Category Archives: onions

The Origins of the Mysterious Green Bean Casserole – Hungry History

via The Origins of the Mysterious Green Bean Casserole – Hungry History.


So will green bean casserole be on your Thanksgiving dinner menu?

Happy Thanksgiving!


Filed under casseroles, cooking, Green Beans, Healthful Eating, mushrooms, onions, Recipes


If you aren’t a seafood eater, you may want to skip this post. Although I joke about the joys of eating bacon, the reality is seafood is my favorite “meat.” Love, love, love fish–and for good reason. It’s healthful. It’s tasty. And it takes only minutes to cook, making it the star of Hasty Tasty Meals recipes.

For example, we picked up fresh tilapia (farm raised in South America) at the seafood counter. In less time than it would’ve taken us to go to a restaurant and order, I had dinner on the table. My secret? Cook everything else first. Fish last. Fish cooks quickly and tastes best when not overcooked. Unlike poultry, pork, or beef, it doesn’t require a thermometer to determine when it’s safely cooked. It turns from pink to pale in minutes and you’re done!

For what I call “Bimini Style” fish, I slice sweet peppers and onion. I season the tilapia fillets with Kosher salt and freshly ground pepper.


I saute the peppers and onions in a preheated skillet (sprayed with Pam®) over medium/low heat. 


After all my side dishes are underway (Today it’s fresh organic green beans and carrots in the pressure cooker for 9 minutes), I nestle the fish in with the peppers and onions. Low heat will cook the fish in minutes. Soon as I see the edges turn color, I carefully flip the fish using a long spatula.


By the time my sides cook, the fish is done, too. I serve with the peppers and onions piled on top. No fancy rubs or sauces needed. This is delicious food!


Don’t be intimidated by fish. Just follow these hints and you’ll be the star of your own seafood cooking show!


Filed under onions, seafood, sweet peppers, tilapia

Your Garden-Variety Dinner

Some of my fondest memories of my father are of our runs together. One day, a couple of years before he died, we stopped near the end of our run at a neighborhood produce stand. Dad bought an assortment of fresh vegetables grown right there in the man’s backyard. I promised to cook whatever he bought. He spent about six bucks, total, and my family sat and ate as if it was Thanksgiving dinner.

We love vegetables, especially locally grown, fresh produce. Our favorite summer dinner is a fresh-from-the-garden vegetable plate. If you haven’t taken advantage of the produce grown in your area, now is the time to indulge.

Don’t restrict your menu. Plan your meals around what looks good and fresh, even if you have two or three green veggies. Corn on the cob, Squash, potatoes, beans, broccoli, tomatoes…it’s all better when fresh-picked. Steam, grill, roast, sauté, or all the above. It’s healthy, tasty, and good for the local economy.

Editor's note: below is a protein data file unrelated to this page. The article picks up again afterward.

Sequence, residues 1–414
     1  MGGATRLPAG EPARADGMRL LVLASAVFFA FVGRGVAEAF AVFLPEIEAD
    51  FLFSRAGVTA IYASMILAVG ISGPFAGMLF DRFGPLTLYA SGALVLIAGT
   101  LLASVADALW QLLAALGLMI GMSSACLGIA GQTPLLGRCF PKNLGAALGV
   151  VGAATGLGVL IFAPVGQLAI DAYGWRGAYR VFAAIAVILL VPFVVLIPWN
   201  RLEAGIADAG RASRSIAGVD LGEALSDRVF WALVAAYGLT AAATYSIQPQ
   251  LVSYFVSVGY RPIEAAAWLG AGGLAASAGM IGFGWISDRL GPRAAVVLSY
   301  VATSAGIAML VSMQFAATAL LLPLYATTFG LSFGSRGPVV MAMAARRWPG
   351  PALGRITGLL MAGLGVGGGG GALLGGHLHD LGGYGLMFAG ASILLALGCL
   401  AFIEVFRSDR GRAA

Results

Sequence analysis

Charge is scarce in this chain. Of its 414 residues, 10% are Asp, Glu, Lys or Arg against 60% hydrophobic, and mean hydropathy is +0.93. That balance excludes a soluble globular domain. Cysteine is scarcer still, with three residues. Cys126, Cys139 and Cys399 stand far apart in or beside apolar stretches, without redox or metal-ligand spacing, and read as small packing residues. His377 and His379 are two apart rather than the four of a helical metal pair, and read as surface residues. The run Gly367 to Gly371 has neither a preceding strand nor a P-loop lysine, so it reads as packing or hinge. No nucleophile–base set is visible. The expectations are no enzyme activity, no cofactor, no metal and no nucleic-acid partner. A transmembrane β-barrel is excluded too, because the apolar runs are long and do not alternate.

Green beans, roasted potatoes, and vegetable medley, served with a whole wheat roll.

Green beans, roasted potatoes, and vegetable medley with a whole wheat roll.

KITCHEN TIP: Add a little bit of butter for flavor. A tiny amount goes a long way. I freeze butter and use a hand grater to add it to cooked vegetables. Isn’t that a grate idea? 😉

Grate cold butter for easier seasoning.

Grate cold butter for easier seasoning.


Filed under cooking, corn on the cob, Green Beans, Healthful Eating, onions, Quesadillas, Roasted Vegetables, Salads, spinach, tomatoes, Vegetables


I love French onion soup, but most in my family don’t. I needed a smaller portion so I developed this simple recipe that yields about two bowls (1 quart).

Keep in mind French onion soup is about onions. You need little else, but you do need onions. Even for two servings, I use four onions because I want the flavor and texture. I slow-cook the recipe for convenience, but it requires little simmering time once the onions are done. The flavors intensify in cooking sliced onions in butter. The rest is about turning rich, delicious onions into soup.

Bon appétit!



French Onion Soup for Two
• 4 medium onions
• ½ stick unsalted butter
• 1 tsp. Kosher salt
• ½ tsp. freshly ground black pepper
• 16-20 ounces stock (beef or poultry—homemade is best, but get reduced sodium if you buy ready-made stock)
• 1 sprig fresh Rosemary
• ¼ cup white wine
• ½ cup shredded mozzarella cheese (or your choice)
1. Peel, halve, and thinly slice onions using a knife, food processor, or mandolin.
2. Melt butter in a two-quart pan over low heat.
3. Add onions, salt, pepper, and Rosemary to melted butter and cook, stirring occasionally, until onions turn a golden color.
4. Deglaze the bottom of the pan with the wine and a wooden spoon.
5. Carefully pour in the pint of stock, cover, and cook at least twenty minutes or until heated through (or you may transfer to a slow cooker and heat on lowest setting two-three hours).
6. Divide between two large soup bowls and immediately top each serving with the cheese. Allow the cheese to melt (tent with foil for about five minutes).
7. Serve with French bread or a baguette.

Melt unsalted butter.

1. Melt unsalted butter.


2. Cook onions over low heat, stirring occasionally.


3. Add 1/4 cup white wine.


4. Deglaze pan.


5. Add stock and stir.


6. Simmer until soup is heated through.


7. Top with cheese and serve.

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Filed under cooking, Healthful Eating, onions, Soups & Stews